Medics concerned as it emerges Kenya is among countries whose populations still have to contend with neglected tropical diseases.
Neglected Tropical diseases (NTDs) still pose considerable risk to the Kenyan population with as many as 50 per cent at risk of the same.
This emerged last month at the 10th NTDs conference held at the Kenyatta National Hospital Grounds and organized by Kenya Medical Research Institute (Kemri).
According to Professor Matilu Mwau, Director - consortium for national health research, Kenya is among countries where more than five NTDs ravage the population.
“There are diseases which we have here that are not experienced in developed countries and this makes it hard to attract funding for research for these,” he said.
Prof Mwau said since these diseases are almost non-existent in European population and North America compared to non-communicable diseases (lifestyle disease) the latter gets funding at the former’s expense.
“African governments have often been seen as neglecting these diseases, but it is that funding to conduct research that would boost the fight against them, is not readily available,” he said.
This year’s conference, under the theme “Bridging the gaps towards NTDs elimination: Progress through partnership” brought together health professionals including researchers, policy makers, implementers and other stakeholders.
Prof Matilu said Kenya is particularly burdened by Bilharzia, Elephantiasis, Dengue, Leishmania, trachoma and worms.
“We have seen leishmania – which causes disfigurement – among populations around Gilgil and in Northern Kenya. Trachoma, which is caused by bacteria, has caused blindness among the Maasai and Samburu populations,” he said.
Concerned parties at the conference proposed a number of activities that are aimed at capacity building, improving health care delivery in the community and informing advocacy and policy agenda in Africa.
As it is, 90 per cent of the disease burden for NTDs is found in Africa. This, many health professionals conclude, should be a major public health concern for the world.
Previous studies have indicated that neglected tropical diseases (NTDs) affect more than 1 billion people, costing developing economies billions of dollars every year.
However, common NTDs, such as the soil-transmitted helminth (STH) infections, schistosomiasis, lymphatic filariasis (elephantiasis), trachoma, and onchocerciasis affect more than 500 million people.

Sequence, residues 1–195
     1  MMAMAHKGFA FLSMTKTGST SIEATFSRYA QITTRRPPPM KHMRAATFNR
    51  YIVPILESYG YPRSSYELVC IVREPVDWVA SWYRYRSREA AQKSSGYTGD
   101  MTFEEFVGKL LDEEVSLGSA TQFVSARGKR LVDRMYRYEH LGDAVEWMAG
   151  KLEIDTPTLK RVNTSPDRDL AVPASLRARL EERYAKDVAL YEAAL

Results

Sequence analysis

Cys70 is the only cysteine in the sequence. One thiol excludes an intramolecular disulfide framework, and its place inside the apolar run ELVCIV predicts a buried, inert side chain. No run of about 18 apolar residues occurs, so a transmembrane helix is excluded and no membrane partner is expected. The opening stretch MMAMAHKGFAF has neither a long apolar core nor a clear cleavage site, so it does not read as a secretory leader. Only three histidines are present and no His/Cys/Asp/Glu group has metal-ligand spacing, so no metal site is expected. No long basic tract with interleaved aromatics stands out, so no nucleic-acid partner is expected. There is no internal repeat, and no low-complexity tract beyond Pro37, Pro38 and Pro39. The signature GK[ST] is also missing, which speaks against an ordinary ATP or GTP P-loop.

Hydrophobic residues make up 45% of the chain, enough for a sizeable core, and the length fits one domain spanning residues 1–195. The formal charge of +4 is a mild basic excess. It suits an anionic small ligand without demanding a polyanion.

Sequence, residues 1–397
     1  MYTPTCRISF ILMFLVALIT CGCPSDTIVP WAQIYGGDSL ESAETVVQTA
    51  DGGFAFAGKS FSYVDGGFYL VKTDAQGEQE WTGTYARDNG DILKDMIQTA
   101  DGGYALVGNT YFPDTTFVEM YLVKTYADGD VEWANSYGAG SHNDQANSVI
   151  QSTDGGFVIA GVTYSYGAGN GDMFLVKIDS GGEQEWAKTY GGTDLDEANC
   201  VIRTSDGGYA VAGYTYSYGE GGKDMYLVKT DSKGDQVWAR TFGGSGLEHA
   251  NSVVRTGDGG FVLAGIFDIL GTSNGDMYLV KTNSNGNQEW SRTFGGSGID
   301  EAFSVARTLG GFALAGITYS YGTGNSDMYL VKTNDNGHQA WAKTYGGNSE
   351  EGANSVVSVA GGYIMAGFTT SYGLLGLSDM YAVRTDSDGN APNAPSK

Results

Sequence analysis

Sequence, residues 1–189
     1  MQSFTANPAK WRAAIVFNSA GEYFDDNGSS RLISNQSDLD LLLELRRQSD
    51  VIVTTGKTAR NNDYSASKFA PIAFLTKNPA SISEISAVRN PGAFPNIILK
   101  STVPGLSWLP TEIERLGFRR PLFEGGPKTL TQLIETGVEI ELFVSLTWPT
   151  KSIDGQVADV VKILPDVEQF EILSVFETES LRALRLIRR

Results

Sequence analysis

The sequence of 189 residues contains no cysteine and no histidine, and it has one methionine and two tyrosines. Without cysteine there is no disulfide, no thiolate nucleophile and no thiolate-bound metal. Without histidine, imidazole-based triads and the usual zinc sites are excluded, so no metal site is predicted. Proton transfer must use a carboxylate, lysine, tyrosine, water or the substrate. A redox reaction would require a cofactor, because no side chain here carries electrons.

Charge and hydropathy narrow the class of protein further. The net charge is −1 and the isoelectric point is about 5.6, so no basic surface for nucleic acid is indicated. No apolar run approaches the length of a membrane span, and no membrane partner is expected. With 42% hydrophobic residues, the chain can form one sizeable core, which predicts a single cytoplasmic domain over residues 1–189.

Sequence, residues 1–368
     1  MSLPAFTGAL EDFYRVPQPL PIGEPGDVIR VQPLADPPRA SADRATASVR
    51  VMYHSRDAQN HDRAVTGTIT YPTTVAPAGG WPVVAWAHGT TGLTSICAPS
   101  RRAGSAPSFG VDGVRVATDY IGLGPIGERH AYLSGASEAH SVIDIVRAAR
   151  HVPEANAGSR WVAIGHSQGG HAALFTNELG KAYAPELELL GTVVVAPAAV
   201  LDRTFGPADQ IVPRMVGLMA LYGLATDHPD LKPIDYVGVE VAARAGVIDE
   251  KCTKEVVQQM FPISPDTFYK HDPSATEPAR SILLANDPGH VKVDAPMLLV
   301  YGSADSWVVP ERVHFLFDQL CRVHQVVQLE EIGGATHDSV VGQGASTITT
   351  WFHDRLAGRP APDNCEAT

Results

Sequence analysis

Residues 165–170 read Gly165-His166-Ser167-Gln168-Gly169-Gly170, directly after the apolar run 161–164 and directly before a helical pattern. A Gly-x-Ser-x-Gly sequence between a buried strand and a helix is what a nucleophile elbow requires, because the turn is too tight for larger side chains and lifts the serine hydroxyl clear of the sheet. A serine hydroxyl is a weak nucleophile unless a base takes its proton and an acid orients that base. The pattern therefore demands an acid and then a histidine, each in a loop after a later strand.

In Kenya alone, six million people are at risk of schistosomiasis, with a further 16.6 million being at risk of STH, 3.5 million are at risk of elephantiasis and about seven million people are living in 39 trachoma endemic districts.
World Health Organization (WHO) advises that effective control against NTDs can be achieved when several public health approaches are combined. These are: Control of disease vectors, mass drug administration, and improved sanitation.
Centres for Disease Control and Prevention (CDC) has argued that with mass administration of safe and effective medicines, or other effective interventions, elephantiasis, schistosomiasis, trachoma and STH would be wiped out from the population.
Kenya, it appears, has a long way to go in fighting NTDs with Prof Matilu saying local scientists ought to seek for research funding from national research fund in order to effectively fight against the disease.
“The Ministry of Health will also need to inject resources into national programmes for NTDs,” he said.
That notwithstanding, it behooves the population to adhere to simple preventive measures like basic hygiene through proper sanitation.
“Many NTDs are caused by bad sanitation and hygiene. The government may provide clean water to the population but if people do not adhere to proper hygiene standards, they will still suffer from such diseases. Citizens play a crucial role in keeping these diseases away,” Prof Matilu said.
All is however, not lost as Kenya has successfully been able to eliminate Guinea worm disease from the country. Surveillance is currently ongoing to block potential cross border infections from Ethiopia and Sudan.